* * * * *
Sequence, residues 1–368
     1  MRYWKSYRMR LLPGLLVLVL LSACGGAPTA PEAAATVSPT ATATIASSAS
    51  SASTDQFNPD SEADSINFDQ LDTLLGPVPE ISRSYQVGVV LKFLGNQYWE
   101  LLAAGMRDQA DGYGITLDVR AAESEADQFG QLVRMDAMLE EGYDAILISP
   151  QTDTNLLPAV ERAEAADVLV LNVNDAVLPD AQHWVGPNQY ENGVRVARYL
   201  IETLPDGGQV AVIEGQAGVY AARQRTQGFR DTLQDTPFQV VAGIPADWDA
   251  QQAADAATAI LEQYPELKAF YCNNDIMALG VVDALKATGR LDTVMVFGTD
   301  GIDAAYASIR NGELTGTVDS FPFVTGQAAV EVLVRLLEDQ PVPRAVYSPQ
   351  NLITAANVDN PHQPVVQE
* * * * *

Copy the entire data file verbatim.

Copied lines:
Sequence, residues 1–368
     1  MRYWKSYRMR LLPGLLVLVL LSACGGAPTA PEAAATVSPT ATATIASSAS
    51  SASTDQFNPD SEADSINFDQ LDTLLGPVPE ISRSYQVGVV LKFLGNQYWE
   101  LLAAGMRDQA DGYGITLDVR AAESEADQFG QLVRMDAMLE EGYDAILISP
   151  QTDTNLLPAV ERAEAADVLV LNVNDAVLPD AQHWVGPNQY ENGVRVARYL
   201  IETLPDGGQV AVIEGQAGVY AARQRTQGFR DTLQDTPFQV VAGIPADWDA
   251  QQAADAATAI LEQYPELKAF YCNNDIMALG VVDALKATGR LDTVMVFGTD
   301  GIDAAYASIR NGELTGTVDS FPFVTGQAAV EVLVRLLEDQ PVPRAVYSPQ
   351  NLITAANVDN PHQPVVQE